Inbreeding with chickens and turkeys is different than with peafowl. Chickens and turkeys are not kept for very long, so if inbreeding results in shorter lifespans, it's not noticed. In the wild, there are many mechanisms which work to reduce inbreeding. One is differential sex dispersal -- one sex remains, the other wanders off. Inbreeding in the wild is not a normal, regular, common occurrence. It happens when habitats are fragmented, populations are reduced, etc. I'll go into it more when I have time, but here's something to think about -- peafowl are not chickens. While they have some similarities with regards to care, they live long lives and are not consumed for food (generally). Chicken keepers are looking for maximum productivity with minimal input. This is understandable when raising a species for food, but since peafowl aren't raised for that purpose, perhaps they'd be better off from an aviculturist or zoologist perspective. With this, animals are bred for long-term captive populations in mind, not for cranking out as many as possible.

Ack, have to get to lab....be back later.

post #20 of 23

Not all chickens are raised for meat..... have a heck of a time getting anything out of all my fancy bantam chickens, especially my Silkied Seramas.. LOL. Most of the people I sell to do not eat their birds either, they enjoy having fancy chickens, showing etc.... so same goals are being used as breeding peafowl... good type, attitude, color. With any breeding program, and like stated closed flocks, their are line and inbreeding going on somewhere, yes even in the wild. Like deerman stated.. in wild many chicks stay around momma, and are bound to breed to someone related. They are not like horses that drive off young males etc... but it occurs there to. the best thing is to know what your goal is, know what you have, do not use those with genetic faults that will hinder what you are after, be honest to who you sell your birds too and strive to better your breed. big_smile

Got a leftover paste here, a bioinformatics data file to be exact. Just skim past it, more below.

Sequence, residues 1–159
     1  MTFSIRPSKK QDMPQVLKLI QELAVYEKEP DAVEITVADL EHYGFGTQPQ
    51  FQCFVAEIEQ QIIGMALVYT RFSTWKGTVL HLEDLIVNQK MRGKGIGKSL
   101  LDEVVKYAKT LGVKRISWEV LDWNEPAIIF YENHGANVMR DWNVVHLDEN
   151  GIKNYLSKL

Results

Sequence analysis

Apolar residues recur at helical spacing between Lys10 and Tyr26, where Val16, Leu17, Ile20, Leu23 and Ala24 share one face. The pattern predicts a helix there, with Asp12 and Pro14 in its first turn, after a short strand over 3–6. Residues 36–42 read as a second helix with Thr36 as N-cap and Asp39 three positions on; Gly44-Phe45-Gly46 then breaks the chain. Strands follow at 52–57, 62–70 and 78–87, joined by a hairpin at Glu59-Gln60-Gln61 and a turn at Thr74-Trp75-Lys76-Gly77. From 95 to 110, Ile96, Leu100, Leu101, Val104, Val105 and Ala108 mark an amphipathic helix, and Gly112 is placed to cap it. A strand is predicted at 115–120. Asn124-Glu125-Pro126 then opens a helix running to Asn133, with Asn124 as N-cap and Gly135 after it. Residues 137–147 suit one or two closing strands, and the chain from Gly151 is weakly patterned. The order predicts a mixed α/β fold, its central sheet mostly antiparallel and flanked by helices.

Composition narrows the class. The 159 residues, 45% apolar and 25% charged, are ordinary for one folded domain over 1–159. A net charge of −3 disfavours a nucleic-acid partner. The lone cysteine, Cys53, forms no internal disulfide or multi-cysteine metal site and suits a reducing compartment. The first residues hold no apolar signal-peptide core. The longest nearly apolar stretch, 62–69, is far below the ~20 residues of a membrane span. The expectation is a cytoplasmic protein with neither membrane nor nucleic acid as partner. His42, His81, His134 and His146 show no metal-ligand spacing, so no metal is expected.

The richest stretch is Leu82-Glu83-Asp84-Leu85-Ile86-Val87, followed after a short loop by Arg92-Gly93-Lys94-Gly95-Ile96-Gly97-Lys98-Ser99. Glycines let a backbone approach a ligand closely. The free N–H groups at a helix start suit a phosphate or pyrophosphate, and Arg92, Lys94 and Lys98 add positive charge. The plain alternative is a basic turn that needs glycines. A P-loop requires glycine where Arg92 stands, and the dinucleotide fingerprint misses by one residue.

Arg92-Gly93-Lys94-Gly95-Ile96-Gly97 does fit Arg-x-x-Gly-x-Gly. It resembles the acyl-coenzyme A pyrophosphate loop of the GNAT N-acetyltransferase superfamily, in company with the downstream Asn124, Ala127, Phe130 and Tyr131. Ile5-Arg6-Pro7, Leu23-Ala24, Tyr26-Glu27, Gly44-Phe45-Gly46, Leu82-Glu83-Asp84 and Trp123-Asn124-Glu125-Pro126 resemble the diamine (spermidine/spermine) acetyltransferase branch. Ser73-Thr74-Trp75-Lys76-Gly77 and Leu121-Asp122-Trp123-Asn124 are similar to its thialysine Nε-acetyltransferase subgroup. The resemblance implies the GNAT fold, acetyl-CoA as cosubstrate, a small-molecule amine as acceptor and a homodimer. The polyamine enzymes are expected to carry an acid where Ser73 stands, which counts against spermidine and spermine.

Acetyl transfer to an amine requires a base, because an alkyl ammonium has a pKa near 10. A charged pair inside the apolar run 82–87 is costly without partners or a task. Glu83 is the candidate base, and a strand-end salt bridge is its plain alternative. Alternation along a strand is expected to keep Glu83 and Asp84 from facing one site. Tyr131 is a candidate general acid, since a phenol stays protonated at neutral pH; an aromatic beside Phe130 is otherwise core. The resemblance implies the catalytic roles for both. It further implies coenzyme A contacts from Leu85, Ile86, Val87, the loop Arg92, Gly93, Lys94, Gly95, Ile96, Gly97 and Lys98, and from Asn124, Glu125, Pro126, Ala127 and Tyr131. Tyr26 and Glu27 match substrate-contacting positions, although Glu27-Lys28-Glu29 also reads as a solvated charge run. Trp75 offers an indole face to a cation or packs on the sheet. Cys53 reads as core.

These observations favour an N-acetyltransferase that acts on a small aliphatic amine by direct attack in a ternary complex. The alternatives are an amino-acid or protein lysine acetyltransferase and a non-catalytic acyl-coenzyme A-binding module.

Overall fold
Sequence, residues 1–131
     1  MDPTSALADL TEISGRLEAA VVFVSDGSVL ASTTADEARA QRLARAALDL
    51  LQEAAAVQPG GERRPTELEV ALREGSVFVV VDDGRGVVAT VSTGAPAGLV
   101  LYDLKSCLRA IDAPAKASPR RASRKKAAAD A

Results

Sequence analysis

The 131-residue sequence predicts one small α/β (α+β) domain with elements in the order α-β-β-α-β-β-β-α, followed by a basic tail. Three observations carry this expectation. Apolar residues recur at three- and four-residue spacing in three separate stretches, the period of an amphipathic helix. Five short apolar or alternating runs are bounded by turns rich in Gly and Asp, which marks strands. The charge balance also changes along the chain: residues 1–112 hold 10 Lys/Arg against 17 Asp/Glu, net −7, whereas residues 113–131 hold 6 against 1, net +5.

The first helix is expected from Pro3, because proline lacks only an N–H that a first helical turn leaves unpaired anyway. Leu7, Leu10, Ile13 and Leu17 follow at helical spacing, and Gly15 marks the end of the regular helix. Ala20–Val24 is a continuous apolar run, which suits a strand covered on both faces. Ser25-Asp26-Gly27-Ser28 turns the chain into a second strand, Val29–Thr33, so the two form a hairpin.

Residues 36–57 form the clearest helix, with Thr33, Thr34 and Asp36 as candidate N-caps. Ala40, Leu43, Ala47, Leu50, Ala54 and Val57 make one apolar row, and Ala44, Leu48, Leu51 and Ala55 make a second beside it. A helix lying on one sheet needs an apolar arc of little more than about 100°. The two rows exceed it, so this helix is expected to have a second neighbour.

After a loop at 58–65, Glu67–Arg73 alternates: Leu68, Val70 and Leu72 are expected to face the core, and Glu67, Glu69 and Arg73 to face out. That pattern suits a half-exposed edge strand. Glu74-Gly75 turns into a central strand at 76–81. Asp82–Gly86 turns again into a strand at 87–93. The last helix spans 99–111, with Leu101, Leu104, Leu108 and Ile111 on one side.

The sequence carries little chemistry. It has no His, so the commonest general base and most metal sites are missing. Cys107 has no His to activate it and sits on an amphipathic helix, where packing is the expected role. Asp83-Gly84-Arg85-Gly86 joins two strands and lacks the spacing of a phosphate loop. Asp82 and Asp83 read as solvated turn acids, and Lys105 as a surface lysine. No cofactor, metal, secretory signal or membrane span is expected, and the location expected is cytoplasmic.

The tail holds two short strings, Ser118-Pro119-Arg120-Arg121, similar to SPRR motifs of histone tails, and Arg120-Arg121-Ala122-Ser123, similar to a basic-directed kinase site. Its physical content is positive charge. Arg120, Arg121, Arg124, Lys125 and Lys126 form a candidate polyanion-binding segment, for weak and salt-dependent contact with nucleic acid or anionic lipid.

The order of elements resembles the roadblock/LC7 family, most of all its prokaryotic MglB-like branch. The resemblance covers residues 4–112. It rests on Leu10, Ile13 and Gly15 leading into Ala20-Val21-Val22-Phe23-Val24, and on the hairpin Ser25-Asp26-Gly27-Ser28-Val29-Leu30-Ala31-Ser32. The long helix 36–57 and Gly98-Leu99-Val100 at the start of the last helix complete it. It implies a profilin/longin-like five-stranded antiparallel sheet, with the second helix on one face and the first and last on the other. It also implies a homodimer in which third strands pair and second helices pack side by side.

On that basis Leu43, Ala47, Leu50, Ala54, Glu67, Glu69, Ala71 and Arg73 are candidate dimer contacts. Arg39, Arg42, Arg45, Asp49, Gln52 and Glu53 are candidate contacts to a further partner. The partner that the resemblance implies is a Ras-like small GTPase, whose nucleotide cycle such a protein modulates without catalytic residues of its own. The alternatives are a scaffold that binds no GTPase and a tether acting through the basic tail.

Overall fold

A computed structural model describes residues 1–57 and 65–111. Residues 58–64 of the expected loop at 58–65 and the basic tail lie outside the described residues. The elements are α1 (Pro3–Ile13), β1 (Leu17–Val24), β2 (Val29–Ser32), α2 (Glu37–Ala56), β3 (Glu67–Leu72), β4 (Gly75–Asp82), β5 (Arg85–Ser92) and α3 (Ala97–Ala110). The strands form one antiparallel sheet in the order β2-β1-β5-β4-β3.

My Heart is Broken... I miss you my Sweet Sophie Puff Diva Chicken....
Living and working on a Zoo farm - 300 plus chickens, fancy pigeons, Sebbies geese, turkey, crested ducks, peafowl, ornamental pheasant and ducks, Black swans, Egyptian geese, African Crowned Cranes, Emu, fainting goats, mini zebu, mini horses,mini donkey, alpacas, llamas, horses, 5 Great Pyrenees and a cat.
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My Heart is Broken... I miss you my Sweet Sophie Puff Diva Chicken....
Living and working on a Zoo farm - 300 plus chickens, fancy pigeons, Sebbies geese, turkey, crested ducks, peafowl, ornamental pheasant and ducks, Black swans, Egyptian geese, African Crowned Cranes, Emu, fainting goats, mini zebu, mini horses,mini donkey, alpacas, llamas, horses, 5 Great Pyrenees and a cat.